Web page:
HONG KONG • Hong Kong's government has tightened property rules for the second time since November, to shut a loophole that grants investors buying multiple units at one go lower tax rates.
First-time home buyers acquiring more than one property in a single contract will now be charged the same 15 per cent stamp duty that applies to a second purchase, rather than the 4.25 per cent duty for first-time buyers.
The change, announced late on Tuesday by Hong Kong Chief Executive Leung Chun Ying, took effect at midnight.
"Though buying multiple flats in one contract accounts for a small proportion of residential apartment transactions, there's a noticeable increasing trend," Mr Leung said. "This doesn't only go against the government's goal to clamp down investor demand through the new stamp duty, it also fuels the property market sentiment."
Hong Kong's leaders are seeking to address a gap that allowed the richest buyers to take advantage of rules intended to help first-time home buyers as they face rising discontent over wealth inequality and skyrocketing housing costs.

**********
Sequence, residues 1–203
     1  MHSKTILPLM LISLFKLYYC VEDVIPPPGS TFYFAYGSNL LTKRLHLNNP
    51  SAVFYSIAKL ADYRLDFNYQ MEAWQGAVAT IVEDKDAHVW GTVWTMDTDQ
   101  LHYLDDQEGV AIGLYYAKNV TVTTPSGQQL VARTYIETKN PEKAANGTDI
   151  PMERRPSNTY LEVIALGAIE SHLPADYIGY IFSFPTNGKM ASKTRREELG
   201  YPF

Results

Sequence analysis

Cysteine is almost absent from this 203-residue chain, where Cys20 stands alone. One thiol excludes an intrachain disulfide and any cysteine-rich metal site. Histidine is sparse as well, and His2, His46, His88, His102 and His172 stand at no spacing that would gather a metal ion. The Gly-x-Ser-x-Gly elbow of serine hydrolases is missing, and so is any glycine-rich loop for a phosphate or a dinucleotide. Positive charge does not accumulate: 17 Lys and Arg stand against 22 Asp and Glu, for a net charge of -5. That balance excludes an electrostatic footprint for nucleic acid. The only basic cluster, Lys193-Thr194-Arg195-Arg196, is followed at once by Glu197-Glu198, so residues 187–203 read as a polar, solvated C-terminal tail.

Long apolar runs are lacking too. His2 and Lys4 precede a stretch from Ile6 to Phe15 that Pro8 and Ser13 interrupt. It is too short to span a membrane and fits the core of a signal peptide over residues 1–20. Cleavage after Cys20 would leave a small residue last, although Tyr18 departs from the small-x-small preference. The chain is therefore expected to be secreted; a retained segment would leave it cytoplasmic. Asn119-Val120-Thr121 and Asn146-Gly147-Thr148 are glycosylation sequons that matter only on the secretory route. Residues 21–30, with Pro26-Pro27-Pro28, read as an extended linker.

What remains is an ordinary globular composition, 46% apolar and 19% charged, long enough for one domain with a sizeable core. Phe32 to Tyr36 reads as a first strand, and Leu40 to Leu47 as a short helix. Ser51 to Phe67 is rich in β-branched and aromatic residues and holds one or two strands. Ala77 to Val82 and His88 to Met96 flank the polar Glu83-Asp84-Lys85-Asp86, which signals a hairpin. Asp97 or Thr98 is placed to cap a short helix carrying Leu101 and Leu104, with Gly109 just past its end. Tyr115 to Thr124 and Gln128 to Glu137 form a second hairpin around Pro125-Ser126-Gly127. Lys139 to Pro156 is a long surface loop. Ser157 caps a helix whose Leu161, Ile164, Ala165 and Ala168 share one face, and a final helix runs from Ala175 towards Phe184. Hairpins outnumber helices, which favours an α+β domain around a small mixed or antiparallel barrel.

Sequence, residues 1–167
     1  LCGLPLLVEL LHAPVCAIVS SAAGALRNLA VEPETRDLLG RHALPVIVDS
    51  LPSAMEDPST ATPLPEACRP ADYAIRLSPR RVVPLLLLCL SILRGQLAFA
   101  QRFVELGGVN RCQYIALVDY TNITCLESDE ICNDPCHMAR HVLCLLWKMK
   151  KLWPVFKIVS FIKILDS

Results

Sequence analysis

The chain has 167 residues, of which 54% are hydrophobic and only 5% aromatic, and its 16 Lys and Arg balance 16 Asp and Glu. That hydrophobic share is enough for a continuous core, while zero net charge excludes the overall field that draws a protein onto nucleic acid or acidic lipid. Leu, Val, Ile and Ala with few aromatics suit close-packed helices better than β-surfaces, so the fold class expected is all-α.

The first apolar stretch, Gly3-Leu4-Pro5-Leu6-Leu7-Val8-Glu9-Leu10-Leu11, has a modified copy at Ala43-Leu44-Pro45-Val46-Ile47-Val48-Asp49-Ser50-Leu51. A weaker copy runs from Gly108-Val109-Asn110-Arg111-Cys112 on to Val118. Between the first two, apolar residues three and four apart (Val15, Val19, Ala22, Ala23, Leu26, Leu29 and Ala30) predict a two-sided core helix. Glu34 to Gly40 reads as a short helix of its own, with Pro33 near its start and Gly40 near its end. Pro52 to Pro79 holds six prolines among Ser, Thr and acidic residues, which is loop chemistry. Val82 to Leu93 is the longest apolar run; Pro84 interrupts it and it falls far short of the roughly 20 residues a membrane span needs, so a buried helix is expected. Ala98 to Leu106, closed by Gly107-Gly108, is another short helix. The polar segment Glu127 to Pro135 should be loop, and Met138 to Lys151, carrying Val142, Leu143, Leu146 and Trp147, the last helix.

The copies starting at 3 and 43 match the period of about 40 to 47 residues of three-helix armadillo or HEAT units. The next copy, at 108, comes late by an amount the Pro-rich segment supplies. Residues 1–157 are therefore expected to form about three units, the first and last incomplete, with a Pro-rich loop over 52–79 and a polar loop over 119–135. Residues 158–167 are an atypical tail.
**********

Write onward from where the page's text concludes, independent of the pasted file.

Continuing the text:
The previous attempt to rein in the market in November did little to cool demand, with prices setting new records this year in the world's least affordable market.
Existing home prices have reached record highs, according to the Centaline Property Centa-City Leading Index. Even after the United States Federal Reserve raised interest rates, a move that presages higher mortgage rates, developers have seen brisk sales.
Cheung Kong Property Holdings last week offered 40 sq m flats in east Hong Kong island for at least HK$10.3 million (S$1.86 million), Apple Daily reported. The amount could buy a two-bedroom, inner-city Sydney apartment with a carpark space, according to property website Domain.com.
Hong Kong's de-facto central bank on Monday expressed concern about the riskiness of mortgages issued by developers with high loan-to-valuation ratios.
The accumulation of these mortgages may change the risk-profile of developers to which banks may have exposure, said Mr Raymond Chan, executive director of banking supervision at the Hong Kong Monetary Authority (HKMA).
He added that HKMA may ask banks to take further steps to manage their exposure to the sector.